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Fwd = [UASR]> Putting the brakes on light

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  • Frits Westra
    Forwarded by: fwestra@hetnet.nl Originally from: Lieve Original Subject: [UASR] Putting the brakes on light Original Date: Sat, 26 Feb
    Message 1 of 1 , Feb 26, 2000
      Forwarded by: fwestra@...
      Originally from: Lieve <SHADO@...>
      Original Subject: [UASR]> Putting the brakes on light
      Original Date: Sat, 26 Feb 2000 13:10:55 -0800

      ========================== Forwarded message begins ======================

      Thursday, 24 February, 2000, 16:11 GMT
      Putting the brakes on


      BY BBC News Online science editor
      Dr David Whitehouse

      You think that light is fast? Well
      think again, sometimes it is slower
      that a crawl.

      All schoolchildren know that light is
      the fastest thing there is, zipping
      along through empty space at
      297,000 km per second (186,000
      miles a second). Light from the Sun
      takes about eight minutes to reach
      us, from the Moon just over a second
      and 2 million years from the nearest

      But now a Danish physicist and her
      team of collaborators have found a
      way to slow light down to less than
      one mile an hour (1.6 km per hour),
      slower than a slow walk.

      The researchers led by Dr. Lene Hau,
      of the Rowland Institute for Science
      and Harvard University, said last year
      that they had slowed light down to
      38 mph (60 km per hour). Now they
      have gone even further.

      Addressing a conference in the United
      States she said that you can almost
      send out a beam of light, go for a cup
      of coffee and return in time to see
      the light come out of the other side
      of her equipment. "You could almost
      touch it," she added.

      Slow light

      The way Dr. Hau and her team have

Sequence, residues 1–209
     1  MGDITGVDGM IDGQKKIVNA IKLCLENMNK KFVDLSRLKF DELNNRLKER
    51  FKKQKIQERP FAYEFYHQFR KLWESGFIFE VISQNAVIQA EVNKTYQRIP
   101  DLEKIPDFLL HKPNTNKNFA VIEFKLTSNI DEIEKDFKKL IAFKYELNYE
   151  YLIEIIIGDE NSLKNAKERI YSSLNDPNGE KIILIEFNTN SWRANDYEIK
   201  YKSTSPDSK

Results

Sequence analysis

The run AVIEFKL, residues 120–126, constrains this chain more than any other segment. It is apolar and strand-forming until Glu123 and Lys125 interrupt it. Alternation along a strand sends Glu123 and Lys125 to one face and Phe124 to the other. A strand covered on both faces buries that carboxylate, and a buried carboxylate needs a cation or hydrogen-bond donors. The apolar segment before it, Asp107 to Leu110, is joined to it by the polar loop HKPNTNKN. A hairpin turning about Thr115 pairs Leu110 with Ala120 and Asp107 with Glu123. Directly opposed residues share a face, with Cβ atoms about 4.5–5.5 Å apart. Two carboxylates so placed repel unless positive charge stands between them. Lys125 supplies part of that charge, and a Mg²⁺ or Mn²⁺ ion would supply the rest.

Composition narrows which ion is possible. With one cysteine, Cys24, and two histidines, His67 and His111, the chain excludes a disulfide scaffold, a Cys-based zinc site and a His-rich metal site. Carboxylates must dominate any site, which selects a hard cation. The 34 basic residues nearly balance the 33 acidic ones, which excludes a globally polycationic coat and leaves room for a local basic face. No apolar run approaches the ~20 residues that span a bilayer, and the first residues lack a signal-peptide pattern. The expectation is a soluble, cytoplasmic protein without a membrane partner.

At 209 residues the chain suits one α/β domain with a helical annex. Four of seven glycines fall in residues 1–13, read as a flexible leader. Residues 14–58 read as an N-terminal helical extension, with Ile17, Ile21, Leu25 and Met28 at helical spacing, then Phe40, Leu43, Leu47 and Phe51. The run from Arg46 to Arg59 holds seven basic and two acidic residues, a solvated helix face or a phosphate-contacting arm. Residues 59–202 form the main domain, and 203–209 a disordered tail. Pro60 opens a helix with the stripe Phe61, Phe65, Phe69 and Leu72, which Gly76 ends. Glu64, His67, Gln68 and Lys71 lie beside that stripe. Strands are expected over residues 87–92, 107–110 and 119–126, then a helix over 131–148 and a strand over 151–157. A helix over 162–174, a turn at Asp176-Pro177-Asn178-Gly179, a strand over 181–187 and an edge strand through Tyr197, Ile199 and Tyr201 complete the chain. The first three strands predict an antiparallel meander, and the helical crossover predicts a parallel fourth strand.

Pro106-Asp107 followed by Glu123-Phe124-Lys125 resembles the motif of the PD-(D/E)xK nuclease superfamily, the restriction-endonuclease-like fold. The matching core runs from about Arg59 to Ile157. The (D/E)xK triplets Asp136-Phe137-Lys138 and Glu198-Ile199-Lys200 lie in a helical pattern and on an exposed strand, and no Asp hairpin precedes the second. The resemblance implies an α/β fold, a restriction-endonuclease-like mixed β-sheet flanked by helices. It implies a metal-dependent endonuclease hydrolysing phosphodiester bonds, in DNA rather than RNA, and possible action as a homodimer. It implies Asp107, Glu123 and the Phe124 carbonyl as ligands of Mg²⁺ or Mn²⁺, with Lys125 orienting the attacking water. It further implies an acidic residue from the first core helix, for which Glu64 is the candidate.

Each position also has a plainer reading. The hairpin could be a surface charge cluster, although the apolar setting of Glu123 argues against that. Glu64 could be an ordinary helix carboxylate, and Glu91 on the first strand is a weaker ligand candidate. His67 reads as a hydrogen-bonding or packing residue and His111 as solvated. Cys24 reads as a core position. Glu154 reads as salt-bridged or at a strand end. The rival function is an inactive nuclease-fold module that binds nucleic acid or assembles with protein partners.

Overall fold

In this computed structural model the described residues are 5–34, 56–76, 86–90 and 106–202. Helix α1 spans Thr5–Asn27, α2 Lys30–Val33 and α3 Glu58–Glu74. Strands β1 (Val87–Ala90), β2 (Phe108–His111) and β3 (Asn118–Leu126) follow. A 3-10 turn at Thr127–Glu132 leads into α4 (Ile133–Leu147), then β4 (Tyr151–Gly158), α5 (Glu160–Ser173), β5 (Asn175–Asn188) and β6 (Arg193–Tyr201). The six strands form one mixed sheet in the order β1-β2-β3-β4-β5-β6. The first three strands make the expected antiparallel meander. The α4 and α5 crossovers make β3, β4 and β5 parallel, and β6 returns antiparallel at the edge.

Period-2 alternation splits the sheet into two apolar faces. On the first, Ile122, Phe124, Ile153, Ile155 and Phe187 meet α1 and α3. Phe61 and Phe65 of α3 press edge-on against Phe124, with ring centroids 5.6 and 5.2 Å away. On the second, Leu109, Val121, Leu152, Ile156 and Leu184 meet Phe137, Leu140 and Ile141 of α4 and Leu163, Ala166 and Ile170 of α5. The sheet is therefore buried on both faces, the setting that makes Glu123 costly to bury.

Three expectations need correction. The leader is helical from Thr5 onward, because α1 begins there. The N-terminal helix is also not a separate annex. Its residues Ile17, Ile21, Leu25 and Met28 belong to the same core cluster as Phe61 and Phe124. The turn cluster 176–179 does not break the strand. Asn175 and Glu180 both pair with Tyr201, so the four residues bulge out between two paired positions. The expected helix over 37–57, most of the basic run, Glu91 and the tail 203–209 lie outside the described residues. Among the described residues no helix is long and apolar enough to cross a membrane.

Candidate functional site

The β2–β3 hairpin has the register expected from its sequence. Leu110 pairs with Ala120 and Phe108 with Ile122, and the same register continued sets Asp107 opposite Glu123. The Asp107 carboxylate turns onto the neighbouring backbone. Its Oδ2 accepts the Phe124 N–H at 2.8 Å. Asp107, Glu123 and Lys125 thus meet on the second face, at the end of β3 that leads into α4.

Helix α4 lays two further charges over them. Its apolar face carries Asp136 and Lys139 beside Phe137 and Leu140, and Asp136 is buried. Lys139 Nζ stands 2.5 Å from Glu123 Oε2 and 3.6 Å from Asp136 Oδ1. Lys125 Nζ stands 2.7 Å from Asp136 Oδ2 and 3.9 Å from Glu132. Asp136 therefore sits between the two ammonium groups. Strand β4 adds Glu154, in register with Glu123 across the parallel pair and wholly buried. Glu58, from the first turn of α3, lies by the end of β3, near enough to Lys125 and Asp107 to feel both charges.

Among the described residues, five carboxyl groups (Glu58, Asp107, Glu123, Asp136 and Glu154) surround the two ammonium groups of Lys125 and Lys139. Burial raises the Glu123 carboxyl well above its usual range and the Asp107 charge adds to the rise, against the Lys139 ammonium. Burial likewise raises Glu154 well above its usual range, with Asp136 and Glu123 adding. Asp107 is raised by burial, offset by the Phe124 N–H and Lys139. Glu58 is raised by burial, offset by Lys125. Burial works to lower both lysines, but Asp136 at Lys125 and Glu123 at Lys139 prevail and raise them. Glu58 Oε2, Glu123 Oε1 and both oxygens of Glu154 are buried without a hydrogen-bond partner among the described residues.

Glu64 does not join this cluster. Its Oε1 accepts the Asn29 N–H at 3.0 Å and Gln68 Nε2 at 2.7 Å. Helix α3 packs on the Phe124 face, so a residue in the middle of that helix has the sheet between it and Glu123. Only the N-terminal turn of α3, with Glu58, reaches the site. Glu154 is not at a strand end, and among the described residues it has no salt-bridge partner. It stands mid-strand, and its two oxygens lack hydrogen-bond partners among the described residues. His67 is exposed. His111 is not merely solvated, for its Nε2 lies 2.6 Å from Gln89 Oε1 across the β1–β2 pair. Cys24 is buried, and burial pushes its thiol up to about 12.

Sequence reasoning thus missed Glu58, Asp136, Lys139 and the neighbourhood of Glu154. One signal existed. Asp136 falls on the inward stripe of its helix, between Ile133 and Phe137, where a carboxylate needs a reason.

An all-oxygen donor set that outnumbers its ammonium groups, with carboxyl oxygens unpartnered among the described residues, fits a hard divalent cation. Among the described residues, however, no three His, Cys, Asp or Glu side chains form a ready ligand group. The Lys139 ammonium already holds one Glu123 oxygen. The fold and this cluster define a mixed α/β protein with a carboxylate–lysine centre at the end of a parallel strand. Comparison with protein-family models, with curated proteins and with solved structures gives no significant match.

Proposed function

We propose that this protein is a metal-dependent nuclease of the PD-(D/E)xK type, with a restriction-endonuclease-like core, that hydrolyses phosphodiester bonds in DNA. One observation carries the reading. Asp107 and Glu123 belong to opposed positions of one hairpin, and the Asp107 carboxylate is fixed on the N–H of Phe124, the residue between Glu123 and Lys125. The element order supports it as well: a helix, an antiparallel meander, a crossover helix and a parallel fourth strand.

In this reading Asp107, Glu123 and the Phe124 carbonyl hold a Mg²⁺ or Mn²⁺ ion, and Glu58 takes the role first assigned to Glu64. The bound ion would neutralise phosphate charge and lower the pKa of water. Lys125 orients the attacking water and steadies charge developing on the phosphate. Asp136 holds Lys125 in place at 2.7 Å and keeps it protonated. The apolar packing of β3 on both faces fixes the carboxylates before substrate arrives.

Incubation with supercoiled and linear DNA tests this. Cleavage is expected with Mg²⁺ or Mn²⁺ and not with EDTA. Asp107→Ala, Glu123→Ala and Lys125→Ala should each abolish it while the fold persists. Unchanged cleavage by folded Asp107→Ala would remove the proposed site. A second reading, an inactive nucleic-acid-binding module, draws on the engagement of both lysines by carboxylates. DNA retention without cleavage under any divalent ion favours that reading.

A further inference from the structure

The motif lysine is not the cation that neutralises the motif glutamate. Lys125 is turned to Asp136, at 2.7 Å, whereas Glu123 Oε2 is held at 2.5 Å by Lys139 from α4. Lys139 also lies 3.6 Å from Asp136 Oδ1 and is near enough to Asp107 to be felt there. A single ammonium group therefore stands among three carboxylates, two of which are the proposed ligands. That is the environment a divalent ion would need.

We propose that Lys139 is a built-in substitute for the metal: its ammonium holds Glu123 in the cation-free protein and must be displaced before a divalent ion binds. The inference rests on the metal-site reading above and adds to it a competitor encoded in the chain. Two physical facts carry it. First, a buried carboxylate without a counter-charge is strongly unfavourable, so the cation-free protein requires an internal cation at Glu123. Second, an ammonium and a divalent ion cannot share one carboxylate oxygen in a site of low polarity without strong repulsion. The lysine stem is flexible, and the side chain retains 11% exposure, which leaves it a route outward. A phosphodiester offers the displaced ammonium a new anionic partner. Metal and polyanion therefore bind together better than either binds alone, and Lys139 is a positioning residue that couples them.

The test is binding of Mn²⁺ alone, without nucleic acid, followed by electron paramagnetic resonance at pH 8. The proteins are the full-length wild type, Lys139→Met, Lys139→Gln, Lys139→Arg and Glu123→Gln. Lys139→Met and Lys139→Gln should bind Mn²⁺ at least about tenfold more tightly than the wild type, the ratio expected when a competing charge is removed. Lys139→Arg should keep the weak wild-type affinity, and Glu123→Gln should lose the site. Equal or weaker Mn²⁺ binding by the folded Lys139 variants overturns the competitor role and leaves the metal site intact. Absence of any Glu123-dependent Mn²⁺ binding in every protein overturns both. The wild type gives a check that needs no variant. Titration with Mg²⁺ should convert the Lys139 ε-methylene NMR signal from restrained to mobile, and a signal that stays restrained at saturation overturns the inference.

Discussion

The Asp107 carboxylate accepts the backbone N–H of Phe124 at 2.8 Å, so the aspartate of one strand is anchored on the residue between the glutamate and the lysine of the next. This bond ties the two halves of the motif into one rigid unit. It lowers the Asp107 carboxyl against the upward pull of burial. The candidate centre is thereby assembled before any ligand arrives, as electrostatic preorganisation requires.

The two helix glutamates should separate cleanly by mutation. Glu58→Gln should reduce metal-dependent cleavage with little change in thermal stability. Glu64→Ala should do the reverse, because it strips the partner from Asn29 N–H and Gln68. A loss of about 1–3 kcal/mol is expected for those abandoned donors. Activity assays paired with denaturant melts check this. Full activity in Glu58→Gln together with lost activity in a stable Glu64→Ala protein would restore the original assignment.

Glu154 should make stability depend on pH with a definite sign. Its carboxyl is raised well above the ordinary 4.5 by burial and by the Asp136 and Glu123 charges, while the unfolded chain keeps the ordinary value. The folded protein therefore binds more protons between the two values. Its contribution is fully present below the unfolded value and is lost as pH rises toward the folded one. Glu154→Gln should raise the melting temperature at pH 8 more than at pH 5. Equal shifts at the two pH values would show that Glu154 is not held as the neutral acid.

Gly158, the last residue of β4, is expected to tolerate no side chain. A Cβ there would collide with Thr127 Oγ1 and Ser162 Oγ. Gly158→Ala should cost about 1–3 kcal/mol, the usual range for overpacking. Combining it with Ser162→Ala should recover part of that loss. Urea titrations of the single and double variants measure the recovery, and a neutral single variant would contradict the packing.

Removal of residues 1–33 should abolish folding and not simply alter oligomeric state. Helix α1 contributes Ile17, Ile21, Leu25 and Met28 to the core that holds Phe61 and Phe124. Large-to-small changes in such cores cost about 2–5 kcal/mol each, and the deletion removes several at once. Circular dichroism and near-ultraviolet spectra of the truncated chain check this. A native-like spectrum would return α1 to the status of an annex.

slowed down light by a factor of 600
      million or so is to use a group of
      atoms called a "Bose-Einstein
      condensate (BEC)." These atoms are
      cooled to a temperature of only a few
      billionths of a degree above absolute
      zero, the coldest possible
      temperature, at which all motion

      In a Bose-Einstein condensate atoms
      are hardly moving at all. This means
      that according to the uncertainty
      principle that rules atoms they are
      spread out and overlap. This results
      in a group identity for the collection
      of supercold atoms.

      And in such a superatom light will
      slow down.

      Physicists have known for a long time
      that the speed of light is reduced
      when it travels though any
      transparent medium, such as water or
      glass. Lenses, for example, focus
      light by allowing it to pass through
      different thicknesses of glass,
      thereby slowing it down by differing

      By firing co-ordinated beams of laser
      light through the BEC the researchers
      have slowed it down to a crawl.
      Inside the BEC the so-called
      refractive index (which measures the
      slowing of light) of the atomic
      condensate becomes enormous, as
      high as 100 trillion times greater than
      that of glass.

      Slowing down light may have many
      practical uses in communications,
      signal processing, television displays
      and night-vision devices.
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